News Release
Contacts: Robert T. Tad Perry, Executive Director
Tracy Mercer, Information Research Analyst

T: 605.773.3455
F: 605.773.5320

 For Immediate Release 29 June 2000

Regents Hear Plans for New Technology Fellows

BROOKINGS-At its regular business meeting held today on the campus of South Dakota State University, the South Dakota Board of Regents reviewed plans to implement the technology fellows programs at each of the state universities in Fall 2000.

About 193 South Dakotans will find going to a state university much less expensive this year because of a new student technology fellows program starting in Fall 2000. "It's about earning and learning," said Regents President Harvey C. Jewett, IV, Aberdeen. "These students will earn the equivalent of their tuition and mandatory fees while they learn. They will learn in their chosen majors and they will also learn about information technology. In exchange they will provide technical support and services to faculty."

The student technology fellowship program was established with an award from the 2000 Legislature. Shortly after the Legislature approved the FY01 appropriations, the campuses began making the necessary plans to implement the program. The universities reported to the Regents that among in-coming freshmen and returning students interest is running at least 3 applications to one fellowship. Dr. Jerry Jorgenson, Dean of the College of Arts and Science at South Dakota State University, said, "The students coming from South Dakota high schools are bringing skills in Powerpoint and web design." The University of South Dakota Vice President for University Relations said, "Nearly all of the in-coming freshmen applicants are bringing an ACT of 30 or above and a 4.0 high school GPA. The USD faculty are excited about this talent coming on campus."

"This technology fellowship funding will allow the campuses to provide additional support and training to the faculty in an area which is constantly changing. Additionally, this will provide student fellows with real life experiences in utilizing the technology and assisting others to make the technology work for us. The ultimate beneficiaries will be the students who are taking courses from these faculty," said Jewett.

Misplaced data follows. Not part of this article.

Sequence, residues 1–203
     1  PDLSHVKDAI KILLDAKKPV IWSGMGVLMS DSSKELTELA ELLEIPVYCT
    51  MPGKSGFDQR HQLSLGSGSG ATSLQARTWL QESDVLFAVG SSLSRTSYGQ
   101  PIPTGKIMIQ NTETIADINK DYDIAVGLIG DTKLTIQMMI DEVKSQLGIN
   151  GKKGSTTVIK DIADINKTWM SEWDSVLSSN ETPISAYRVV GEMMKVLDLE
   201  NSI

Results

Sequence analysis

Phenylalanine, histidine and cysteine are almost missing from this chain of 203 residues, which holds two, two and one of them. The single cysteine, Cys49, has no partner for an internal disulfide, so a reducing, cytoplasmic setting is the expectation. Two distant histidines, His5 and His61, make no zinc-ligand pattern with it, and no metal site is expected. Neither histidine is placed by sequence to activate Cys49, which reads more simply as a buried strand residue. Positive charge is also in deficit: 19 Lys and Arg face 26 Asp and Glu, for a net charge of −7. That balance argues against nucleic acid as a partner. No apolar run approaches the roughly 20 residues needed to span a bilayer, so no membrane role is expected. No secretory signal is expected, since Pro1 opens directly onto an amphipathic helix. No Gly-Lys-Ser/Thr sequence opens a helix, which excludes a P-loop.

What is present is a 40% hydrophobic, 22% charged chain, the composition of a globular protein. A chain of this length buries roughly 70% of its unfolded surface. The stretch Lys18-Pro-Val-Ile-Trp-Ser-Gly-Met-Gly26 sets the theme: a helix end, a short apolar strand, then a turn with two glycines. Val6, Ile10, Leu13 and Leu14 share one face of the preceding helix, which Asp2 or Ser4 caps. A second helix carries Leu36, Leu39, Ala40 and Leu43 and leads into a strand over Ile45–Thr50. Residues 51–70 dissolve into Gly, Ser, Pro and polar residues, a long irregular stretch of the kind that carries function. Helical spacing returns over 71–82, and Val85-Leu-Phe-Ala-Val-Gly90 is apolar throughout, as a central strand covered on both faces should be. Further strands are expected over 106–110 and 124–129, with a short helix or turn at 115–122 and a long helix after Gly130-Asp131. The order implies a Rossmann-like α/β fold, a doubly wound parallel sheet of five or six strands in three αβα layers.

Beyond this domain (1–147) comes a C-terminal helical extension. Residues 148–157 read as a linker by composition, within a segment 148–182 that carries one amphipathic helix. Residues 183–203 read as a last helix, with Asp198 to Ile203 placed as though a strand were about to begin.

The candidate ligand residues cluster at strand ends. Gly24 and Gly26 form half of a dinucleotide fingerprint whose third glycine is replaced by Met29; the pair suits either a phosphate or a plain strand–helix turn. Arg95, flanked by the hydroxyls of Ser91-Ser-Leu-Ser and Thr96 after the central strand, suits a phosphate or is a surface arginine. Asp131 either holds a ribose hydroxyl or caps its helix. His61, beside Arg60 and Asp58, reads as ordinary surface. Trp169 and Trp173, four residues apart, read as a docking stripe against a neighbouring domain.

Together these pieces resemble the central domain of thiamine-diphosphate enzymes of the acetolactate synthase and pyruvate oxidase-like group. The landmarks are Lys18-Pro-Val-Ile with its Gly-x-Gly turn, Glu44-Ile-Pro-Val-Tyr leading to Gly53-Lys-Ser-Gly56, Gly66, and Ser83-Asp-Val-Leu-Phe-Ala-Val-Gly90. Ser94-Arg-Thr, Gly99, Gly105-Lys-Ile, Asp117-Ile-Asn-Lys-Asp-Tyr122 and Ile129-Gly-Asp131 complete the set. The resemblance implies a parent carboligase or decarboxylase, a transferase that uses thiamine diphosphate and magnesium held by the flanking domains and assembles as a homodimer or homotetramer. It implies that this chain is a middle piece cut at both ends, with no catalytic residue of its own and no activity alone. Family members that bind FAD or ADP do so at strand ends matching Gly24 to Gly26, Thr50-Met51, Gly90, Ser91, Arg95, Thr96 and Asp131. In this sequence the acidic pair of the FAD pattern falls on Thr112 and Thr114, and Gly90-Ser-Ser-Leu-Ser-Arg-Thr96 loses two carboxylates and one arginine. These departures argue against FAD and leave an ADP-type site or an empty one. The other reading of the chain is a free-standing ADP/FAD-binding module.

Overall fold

"With the ever-increasing infusion of technology into the delivery of campus curriculum, this program will be warmly welcomed by our faculty. In the summers of 1998, 1999, and 2000, 183 university faculty have been trained in the use of technology in the classroom through the Governor's Awards for Teaching with Technology. The campuses have also used internal reinvestment and other dollars to provide training to large numbers of faculty. As planned, these faculty members, upon their return, mentor other faculty members. As a result the system has a large number of faculty members employing these newly learned skills in the classroom. They want to develop web sites for their classes, add interactive visuals to their lectures, and create simulations and learning modules which allow students to test their knowledge of a subject area on line," said Regents Executive Director Robert T. Tad Perry.

Students serving as technology fellows will receive the cost of all tuition and fees during their participation in the program. In return, throughout the year the students will provide 10 hours per week of support time to faculty and instructional support staff and spend one hour each week in training to improve their skills. Any student participating in the program is required to maintain a minimum grade point average and earn an average of 32 credit hours each year of his or her enrollment.


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